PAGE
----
Tuesday, July 4, 2017

A Love Letter

DISCLAIMER - My blog is an attempt to show respect to films some small minded, intellectually dishonest hipsters automatically label "bad". There is no film I discuss here that I believe to be bad at all.  The title of the blog comes from a discussion that took place some years ago when I was trying to explain the appeal of these films. The title is not meant to suggest I think these films are bad in the least.  Remember - ART IS ART!

I've lived in Southern California a long time. I've lived here this long because I work here.  And, as would be the case no matter where you live, sometimes work precludes you doing all the things you'd like to.  For some time now, I've been meaning to see more of the Los Angeles area since, if traffic behaves, it is really just a short drive up the freeway. Last weekend, the planets aligned and a most amazing thing happened - I had the opportunity to see one of my favorite films (The Last Starfighter in 35mm) somewhere I could easily see myself calling my home away from home - New Beverly Cinema.

Few film houses have the amazing history of The New Bev.  Originally a candy store, a night club and even a porno theater (which must have been odd in an area of synagogues in the mostly Jewish neighborhood). In 2007, Quentin Tarantino curated a month's worth of films which began his involvement with the theater.  He now owns the venue and surrounding property and continues to schedule the films (many from his own collection).

Those of you who know me, also know I don't always drink the Tarantino Kool-Aid.  Is the guy talented - absolutely.  But so is Fred Olen Ray.  However, one thing I have always supported about Tarantino is there are few greater film lovers or historians than he.  His voluminous knowledge of Grindhouse cinema knows no equal (although David Del Valle is certainly in the running).  And what QT has done with the New Bev is a bold and shining example of his love for film. Few artists of his caliber put their money where their mouth is to the degree Tarantino has.

What I've written does not do this venue justice - check out its history here and their website here.

This leads me to The Last Starfighter.

I'm batshit crazy happy to no longer live in the Midwest.  Spending my weekends checking for ticks and drinking Naty Ice is (no longer) my idea of a good time.  I spent way too much time pretending to like things I didn't care about to impress people I shouldn't have been around because that is just what you do in the Midwest.  Endless hours of trying to impress "the cool kids".  Now, I can like what I like without apology..and generally can find a gathering or convention of like minded people on any given weekend. That said, I don't mean to suggest I hated everything that happened two time zones away and 30 years ago.  Thanks mostly to my Dad, I managed to rack up an endless number of great memories - The Last Starfighter is one of them.  One evening in the summer of '84 Pops noticed they were doing a sneak preview of The Last Starfighter, so, as he was wont to do, he knocked on my bedroom door and informed me that we were going to the movies....and what a movie.  I loved the movie almost immediately as I could entirely relate to the plight of Alex Rogan (Lance Guest).  I loved the movie so much, that a week later I took a date to see the film in Malden or Dexter (can't remember) and she didn't care for me or the movie much...and I didn't even give a shit.  I was just happy to have seen the movie again.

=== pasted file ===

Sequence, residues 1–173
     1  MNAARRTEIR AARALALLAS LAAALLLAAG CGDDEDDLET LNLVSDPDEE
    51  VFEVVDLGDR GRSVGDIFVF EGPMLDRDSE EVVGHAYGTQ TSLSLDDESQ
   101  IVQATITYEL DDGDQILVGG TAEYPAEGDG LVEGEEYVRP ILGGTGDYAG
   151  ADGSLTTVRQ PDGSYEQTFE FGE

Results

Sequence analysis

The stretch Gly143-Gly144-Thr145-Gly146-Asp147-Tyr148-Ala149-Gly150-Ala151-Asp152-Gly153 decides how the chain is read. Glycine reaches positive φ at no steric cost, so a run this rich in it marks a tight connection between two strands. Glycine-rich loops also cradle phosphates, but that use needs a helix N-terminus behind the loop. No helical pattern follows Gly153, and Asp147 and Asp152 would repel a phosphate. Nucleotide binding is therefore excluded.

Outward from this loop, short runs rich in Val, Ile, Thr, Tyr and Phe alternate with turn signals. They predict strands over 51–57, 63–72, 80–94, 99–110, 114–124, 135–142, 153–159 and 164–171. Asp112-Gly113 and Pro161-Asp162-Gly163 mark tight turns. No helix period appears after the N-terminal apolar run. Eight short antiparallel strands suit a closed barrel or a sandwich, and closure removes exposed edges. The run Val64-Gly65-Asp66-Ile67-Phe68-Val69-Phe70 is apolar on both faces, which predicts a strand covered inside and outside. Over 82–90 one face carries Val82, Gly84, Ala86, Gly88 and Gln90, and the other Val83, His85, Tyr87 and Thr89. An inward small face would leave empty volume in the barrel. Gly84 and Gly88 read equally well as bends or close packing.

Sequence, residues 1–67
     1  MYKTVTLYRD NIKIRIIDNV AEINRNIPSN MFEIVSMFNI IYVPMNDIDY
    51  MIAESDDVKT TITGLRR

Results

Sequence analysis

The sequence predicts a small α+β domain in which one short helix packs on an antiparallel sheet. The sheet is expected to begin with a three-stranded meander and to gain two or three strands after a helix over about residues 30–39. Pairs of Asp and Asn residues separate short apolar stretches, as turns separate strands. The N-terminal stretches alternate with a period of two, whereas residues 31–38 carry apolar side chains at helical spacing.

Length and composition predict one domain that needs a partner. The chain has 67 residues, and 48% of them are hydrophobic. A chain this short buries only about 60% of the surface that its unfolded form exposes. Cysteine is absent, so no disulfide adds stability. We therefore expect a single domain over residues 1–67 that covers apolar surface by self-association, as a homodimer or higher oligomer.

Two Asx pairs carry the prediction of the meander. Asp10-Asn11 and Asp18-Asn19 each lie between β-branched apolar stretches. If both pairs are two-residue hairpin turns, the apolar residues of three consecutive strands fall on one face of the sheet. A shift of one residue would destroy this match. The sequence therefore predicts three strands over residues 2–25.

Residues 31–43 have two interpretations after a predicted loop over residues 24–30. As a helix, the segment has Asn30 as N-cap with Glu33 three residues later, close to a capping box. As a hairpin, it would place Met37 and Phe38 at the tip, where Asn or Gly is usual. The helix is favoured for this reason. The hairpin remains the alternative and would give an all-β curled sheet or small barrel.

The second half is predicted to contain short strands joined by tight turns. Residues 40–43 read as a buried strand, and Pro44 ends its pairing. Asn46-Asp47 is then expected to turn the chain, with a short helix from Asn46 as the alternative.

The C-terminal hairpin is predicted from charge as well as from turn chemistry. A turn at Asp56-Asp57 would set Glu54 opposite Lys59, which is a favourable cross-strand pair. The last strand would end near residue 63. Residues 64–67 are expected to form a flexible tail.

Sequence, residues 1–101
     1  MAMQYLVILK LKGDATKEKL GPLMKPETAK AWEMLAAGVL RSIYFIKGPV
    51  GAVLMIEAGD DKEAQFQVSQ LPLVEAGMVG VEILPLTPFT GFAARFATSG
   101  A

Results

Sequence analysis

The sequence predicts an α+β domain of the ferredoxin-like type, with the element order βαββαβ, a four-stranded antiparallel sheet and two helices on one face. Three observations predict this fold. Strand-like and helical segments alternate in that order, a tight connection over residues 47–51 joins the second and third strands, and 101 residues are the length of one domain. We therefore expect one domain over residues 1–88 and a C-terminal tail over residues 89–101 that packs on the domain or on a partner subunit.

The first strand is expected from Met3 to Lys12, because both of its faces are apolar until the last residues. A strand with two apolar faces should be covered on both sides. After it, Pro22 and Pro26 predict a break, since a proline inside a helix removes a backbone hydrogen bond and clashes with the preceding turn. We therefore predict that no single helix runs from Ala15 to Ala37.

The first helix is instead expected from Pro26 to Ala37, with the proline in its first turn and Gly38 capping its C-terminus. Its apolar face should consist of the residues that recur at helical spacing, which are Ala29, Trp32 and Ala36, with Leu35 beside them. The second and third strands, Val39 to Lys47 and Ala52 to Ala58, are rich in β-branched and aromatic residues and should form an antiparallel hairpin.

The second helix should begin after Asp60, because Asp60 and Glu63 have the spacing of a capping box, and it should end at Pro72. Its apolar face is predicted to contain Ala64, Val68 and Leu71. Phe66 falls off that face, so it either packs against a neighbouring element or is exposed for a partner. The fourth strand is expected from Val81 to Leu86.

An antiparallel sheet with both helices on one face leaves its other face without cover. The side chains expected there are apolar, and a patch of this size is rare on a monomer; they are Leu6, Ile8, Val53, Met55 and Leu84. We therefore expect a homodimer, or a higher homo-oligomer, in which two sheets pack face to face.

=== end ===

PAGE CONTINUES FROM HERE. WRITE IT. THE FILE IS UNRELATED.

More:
For as long as I can remember I have had the poster for that film hanging on a wall whenever possible (there was some time in a couple of small apartments when it was sadly relegated to a closet).

And seeing the film again, with a crowd of people who loved the film every bit as much as I do was one of the greatest experiences of my life.  No shame to be had at the heartfelt applause at all the right moments

"We're locked into the moon's gravitational pull - what do we do?"

"We die."

And the theater erupted and goosebumps were had.

I can't say enough about what Tarantino has done with New Beverly Cinema...and I can't write enough to tell you not only how amazing The Last Starfighter is...but how amazing it was to see it with that crowd of people.  Sometimes you get a slight glimpse of Heaven...sometimes its called The New Beverly Cinema.

Miss you Pops.